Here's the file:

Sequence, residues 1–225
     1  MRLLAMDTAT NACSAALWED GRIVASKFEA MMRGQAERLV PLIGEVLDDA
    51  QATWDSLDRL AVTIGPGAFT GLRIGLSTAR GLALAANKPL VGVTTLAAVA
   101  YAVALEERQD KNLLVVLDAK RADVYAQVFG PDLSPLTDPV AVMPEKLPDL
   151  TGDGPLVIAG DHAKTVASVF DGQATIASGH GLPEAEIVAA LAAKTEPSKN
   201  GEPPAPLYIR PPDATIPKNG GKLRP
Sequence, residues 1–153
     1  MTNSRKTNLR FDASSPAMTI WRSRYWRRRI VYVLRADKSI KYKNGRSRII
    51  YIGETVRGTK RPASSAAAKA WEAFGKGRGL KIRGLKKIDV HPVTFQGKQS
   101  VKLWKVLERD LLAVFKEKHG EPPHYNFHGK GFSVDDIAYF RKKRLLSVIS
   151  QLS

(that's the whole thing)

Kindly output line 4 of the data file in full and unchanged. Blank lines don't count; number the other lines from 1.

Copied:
   101  YAVALEERQD KNLLVVLDAK RADVYAQVFG PDLSPLTDPV AVMPEKLPDL